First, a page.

“Massage therapy isn’t something you can acquire at a four-year university,” Heili says. “And you don’t need math skills to be able to do massage. So there is no point in having all these other requisite classes other than basic English and grammar skills so you can communicate with your clients. Or if you want to publish a newsletter, things like that. Otherwise, you’re going by intuition and what your hands are feeling.”
MTTI-Wellspring, which also offers a program in personal training, keeps enrollment numbers low and admits only the most committed students.
“In Lawrence, we have six to 10 students per group for personal training,” says Wellspring marketing director Jennipher Walters. “For massage, it’s eight to 12 people at an average of 10 per group.”
l l l
Fall classes are full at Z’s Cosmetology Academy, 2429 Iowa. Co-owner and director Judi McKenzie attributes that to several factors, including the recession-proof nature of the beauty business.
“Cosmetology is pretty strong. It’s a feel-good thing,” McKenzie says. “If you’re laid off and you have to go on the job search, you still want to look good, so you’ll go to a salon.”
McKenzie says her students run the gamut in age, educational background and life experience.
“We have what we call ‘career changes’ who are usually older students in their late 20s or 30s, even in their 50s,” she says.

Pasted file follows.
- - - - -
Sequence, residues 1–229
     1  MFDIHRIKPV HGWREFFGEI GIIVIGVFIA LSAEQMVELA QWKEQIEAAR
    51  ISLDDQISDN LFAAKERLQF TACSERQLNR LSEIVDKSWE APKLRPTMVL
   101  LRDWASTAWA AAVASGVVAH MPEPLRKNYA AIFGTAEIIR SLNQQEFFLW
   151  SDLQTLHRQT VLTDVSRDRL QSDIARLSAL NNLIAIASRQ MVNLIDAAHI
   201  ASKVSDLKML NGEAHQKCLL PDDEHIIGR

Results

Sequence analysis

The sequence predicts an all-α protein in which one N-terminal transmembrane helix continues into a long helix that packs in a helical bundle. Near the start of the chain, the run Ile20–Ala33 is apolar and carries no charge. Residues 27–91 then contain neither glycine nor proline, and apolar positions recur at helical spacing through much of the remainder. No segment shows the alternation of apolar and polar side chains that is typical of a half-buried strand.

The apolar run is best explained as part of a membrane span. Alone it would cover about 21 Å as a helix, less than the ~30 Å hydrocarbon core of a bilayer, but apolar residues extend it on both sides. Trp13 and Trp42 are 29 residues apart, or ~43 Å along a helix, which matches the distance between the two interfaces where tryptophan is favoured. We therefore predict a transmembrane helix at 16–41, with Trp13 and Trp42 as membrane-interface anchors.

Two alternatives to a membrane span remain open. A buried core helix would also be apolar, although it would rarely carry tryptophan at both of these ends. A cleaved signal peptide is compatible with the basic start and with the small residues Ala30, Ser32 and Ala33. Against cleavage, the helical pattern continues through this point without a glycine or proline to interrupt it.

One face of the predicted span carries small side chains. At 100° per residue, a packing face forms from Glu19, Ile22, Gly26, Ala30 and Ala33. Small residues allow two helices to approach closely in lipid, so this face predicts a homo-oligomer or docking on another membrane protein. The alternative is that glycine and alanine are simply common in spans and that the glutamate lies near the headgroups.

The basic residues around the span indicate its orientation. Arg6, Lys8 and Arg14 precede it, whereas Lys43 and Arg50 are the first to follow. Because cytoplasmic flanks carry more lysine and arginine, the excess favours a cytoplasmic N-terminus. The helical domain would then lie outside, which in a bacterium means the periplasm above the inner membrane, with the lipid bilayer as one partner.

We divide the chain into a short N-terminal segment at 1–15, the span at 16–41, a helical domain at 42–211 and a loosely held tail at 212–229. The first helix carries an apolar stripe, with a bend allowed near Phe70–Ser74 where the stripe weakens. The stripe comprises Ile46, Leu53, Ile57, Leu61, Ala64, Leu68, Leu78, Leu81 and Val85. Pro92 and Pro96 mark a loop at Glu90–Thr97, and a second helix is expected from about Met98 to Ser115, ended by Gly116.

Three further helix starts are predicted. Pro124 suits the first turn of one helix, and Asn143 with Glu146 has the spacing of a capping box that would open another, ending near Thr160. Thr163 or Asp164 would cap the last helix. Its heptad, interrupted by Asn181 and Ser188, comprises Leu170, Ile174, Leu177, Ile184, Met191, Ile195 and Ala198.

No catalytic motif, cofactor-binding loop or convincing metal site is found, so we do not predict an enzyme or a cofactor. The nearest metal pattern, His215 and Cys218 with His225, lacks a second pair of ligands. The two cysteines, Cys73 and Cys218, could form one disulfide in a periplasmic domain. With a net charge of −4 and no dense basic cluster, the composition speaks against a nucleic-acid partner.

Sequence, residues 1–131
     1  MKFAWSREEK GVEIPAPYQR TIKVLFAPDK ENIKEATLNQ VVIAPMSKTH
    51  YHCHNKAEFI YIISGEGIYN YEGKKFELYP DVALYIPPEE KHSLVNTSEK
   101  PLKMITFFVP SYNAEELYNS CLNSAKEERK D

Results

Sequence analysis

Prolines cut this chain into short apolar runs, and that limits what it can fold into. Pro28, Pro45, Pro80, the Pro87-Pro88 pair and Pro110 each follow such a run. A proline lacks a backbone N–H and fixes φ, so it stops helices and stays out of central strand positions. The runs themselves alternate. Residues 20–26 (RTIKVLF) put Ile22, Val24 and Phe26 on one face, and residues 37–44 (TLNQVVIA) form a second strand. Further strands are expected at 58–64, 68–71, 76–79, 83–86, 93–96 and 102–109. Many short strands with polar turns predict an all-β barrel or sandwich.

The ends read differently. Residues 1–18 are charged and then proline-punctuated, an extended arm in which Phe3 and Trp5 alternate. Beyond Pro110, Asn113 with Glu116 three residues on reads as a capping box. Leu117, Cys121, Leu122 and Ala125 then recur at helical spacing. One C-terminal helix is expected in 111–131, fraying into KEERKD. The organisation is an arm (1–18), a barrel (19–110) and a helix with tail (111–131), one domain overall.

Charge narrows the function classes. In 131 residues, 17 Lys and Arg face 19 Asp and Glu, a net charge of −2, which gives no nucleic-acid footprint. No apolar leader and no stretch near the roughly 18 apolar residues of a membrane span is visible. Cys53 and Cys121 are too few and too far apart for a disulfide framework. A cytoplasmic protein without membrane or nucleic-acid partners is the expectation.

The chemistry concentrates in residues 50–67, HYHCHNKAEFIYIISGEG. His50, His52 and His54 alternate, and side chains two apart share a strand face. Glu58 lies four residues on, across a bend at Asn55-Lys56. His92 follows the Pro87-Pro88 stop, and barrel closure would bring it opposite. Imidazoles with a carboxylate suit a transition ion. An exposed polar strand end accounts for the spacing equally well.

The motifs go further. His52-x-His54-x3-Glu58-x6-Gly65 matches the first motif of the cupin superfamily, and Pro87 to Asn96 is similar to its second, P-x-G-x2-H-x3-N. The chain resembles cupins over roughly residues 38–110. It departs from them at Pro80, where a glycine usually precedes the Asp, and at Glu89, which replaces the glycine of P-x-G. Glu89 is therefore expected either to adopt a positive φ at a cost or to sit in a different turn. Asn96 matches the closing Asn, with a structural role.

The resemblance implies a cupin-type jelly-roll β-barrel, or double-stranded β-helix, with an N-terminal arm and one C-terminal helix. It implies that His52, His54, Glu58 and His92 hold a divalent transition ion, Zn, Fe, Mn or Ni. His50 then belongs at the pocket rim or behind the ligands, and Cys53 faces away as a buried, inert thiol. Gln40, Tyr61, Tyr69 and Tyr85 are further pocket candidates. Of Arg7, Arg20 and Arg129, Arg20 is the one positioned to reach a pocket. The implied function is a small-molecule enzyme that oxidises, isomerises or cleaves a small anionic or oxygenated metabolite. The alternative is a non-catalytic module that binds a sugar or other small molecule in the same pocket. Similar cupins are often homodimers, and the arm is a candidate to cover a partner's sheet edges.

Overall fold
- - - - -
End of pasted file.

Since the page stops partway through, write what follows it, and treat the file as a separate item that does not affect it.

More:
“They’ve done whatever they’ve done, but they’ve always wanted to do cosmetology. So, for whatever reason, they’ve decided to go ahead and make the change. We also see a lot of college graduates who have gotten their degrees because that might have been the path their parents wanted them to go on. And, this was something in the back of their heads that they’ve wanted to do. Then, we have college sophomores who come in, and maybe the four-year university wasn’t their thing. They want to get into a career quicker.”
Z’s is a 1,500-hour program that typically takes 11 months to complete. Students put in 36 hours a week between the classroom and the school’s salon. Eighty percent of the training is devoted to technical skills, while 20 percent is on business skills, such as marketing and building a clientele.
“We even do a project where they have to create a salon from scratch,” McKenzie says.
Tuition at Z’s is just over $14,000, including instruction, books and all the necessary kits. Total enrollment costs at PCI range from $12,000 to $17,000, depending on the program. At Wellspring, tuition and supplies run anywhere from $7,000 to $15,000. Scholarships and grants are available at both accredited institutions.
Heili, who operates a dog training business on the side, says the cost of her post-secondary education at Wellspring wasn’t cheap, but that was something she considered going in.
“If you’re going to spend that much money on a program, you better have a way to recoup that cost,” she says. “My husband and I definitely sat down and thought, ‘OK, so this is how much I need to make a month in order to pay for this.’ It’s just part of the business. You roll it into your business cost.”